Swedish schoolgirls stressed about tests

Schoolgirls in Sweden are tearing their hair out over homework and exams more than boys, according to a new report. Statistics Sweden (Statistiska centralbyran) revealed the results of a study this week that suggest female students get far more stressed than their male counterparts.

The Living Conditions survey of 1,100 pupils asked if they felt tense about different aspects of their school lives. The responses revealed that students in general find tests and homework stressful, upper secondary school pupils are more likely to feel the pressure than younger students, and girls place higher demands on themselves than boys.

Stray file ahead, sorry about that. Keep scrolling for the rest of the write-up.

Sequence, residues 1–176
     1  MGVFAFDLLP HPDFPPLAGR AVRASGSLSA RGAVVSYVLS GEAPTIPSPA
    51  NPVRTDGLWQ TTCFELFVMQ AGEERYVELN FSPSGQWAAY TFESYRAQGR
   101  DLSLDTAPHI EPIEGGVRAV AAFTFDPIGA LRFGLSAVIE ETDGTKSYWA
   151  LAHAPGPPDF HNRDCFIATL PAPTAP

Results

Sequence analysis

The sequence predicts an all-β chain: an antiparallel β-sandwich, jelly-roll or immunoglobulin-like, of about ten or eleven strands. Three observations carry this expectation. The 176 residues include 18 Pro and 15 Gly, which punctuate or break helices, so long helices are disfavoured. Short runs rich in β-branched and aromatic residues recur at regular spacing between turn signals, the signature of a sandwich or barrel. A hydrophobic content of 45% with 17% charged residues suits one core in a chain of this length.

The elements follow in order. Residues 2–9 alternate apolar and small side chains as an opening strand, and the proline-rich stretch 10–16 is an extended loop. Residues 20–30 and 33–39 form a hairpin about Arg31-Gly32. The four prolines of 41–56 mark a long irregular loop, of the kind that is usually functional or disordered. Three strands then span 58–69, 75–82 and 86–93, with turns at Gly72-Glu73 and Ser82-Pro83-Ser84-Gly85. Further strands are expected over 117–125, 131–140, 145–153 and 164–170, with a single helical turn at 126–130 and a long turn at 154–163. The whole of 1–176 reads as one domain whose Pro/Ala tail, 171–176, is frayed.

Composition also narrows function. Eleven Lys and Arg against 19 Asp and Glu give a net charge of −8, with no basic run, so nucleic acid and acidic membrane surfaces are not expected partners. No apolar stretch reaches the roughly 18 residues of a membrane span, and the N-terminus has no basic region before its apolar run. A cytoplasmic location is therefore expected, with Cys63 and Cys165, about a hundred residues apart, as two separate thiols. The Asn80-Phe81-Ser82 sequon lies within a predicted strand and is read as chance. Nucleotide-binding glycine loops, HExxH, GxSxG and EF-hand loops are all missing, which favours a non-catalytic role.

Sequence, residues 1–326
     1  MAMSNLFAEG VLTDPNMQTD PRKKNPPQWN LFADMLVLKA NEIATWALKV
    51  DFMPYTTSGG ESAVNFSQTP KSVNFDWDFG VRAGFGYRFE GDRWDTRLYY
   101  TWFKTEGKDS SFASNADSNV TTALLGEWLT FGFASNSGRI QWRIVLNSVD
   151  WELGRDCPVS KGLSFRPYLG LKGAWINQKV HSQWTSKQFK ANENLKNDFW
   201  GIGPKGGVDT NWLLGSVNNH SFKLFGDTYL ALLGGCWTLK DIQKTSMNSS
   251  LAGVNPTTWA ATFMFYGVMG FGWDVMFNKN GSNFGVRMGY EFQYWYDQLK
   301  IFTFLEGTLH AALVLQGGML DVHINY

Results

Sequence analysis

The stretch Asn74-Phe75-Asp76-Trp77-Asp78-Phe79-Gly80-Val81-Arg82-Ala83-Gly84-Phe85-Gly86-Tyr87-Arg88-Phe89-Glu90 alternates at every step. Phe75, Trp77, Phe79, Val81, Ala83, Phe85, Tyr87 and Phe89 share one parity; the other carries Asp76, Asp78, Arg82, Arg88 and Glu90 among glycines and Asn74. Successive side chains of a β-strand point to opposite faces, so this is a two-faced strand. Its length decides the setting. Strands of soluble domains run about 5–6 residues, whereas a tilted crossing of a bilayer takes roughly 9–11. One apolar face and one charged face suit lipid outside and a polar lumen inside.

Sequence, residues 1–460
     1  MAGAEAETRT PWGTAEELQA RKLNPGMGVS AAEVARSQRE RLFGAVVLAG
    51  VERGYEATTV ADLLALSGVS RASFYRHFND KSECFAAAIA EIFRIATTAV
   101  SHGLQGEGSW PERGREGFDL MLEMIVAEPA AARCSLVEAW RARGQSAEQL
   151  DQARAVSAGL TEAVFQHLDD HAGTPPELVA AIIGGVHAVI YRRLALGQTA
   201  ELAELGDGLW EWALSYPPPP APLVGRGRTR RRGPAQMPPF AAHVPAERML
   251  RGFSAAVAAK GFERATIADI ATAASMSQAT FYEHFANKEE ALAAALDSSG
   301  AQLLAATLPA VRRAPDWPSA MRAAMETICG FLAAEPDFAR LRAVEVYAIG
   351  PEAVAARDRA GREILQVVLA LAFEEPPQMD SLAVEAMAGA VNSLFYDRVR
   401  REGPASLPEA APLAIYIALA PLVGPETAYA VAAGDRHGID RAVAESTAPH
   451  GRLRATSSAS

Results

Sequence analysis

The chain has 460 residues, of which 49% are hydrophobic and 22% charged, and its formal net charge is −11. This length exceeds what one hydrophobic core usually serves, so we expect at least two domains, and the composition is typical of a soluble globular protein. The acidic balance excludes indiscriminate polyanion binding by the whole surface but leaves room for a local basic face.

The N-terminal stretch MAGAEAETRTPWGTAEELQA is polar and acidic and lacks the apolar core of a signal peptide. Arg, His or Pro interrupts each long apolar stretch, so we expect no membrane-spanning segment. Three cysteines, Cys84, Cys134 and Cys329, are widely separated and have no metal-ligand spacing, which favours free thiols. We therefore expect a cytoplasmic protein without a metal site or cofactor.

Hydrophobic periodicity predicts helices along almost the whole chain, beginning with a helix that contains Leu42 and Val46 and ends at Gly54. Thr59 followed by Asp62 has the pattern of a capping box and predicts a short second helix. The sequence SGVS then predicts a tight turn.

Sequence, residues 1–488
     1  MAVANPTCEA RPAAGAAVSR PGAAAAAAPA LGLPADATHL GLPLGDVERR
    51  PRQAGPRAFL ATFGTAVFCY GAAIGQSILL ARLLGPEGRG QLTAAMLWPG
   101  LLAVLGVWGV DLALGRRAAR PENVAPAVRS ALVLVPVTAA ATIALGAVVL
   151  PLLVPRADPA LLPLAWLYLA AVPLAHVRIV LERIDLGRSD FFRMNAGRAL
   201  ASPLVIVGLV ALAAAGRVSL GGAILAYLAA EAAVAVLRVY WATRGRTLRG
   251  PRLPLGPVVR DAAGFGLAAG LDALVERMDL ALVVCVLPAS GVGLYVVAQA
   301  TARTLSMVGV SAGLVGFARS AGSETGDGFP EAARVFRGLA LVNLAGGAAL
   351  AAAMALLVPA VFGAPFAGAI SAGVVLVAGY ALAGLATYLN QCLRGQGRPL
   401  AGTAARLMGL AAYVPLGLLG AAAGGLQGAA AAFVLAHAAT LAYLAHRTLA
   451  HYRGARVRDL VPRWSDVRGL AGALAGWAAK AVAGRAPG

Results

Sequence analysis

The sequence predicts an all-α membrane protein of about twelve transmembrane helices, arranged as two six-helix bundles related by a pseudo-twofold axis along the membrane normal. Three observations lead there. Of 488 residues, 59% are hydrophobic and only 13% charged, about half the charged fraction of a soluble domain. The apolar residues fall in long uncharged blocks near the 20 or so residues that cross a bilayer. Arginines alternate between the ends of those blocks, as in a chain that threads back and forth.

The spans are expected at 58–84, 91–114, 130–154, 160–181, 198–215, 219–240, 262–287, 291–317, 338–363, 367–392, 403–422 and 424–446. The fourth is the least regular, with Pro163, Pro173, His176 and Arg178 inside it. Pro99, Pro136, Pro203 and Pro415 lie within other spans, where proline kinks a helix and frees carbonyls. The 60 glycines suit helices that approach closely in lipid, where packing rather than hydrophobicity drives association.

Only 25 percent of children in upper elementary and low secondary classes reported being fretful about their studies, while 75 percent of girls and 50 percent of boys in upper secondary schools said they felt anxious. An equal number of girls and boys also said pressure from teachers and parents added to the strain.

Demands students are placing on themselves were also found to be more common with older students, and girls especially. In upper secondary school, 60 percent of girls and 37 percent of boys said they pressured themselves to do well.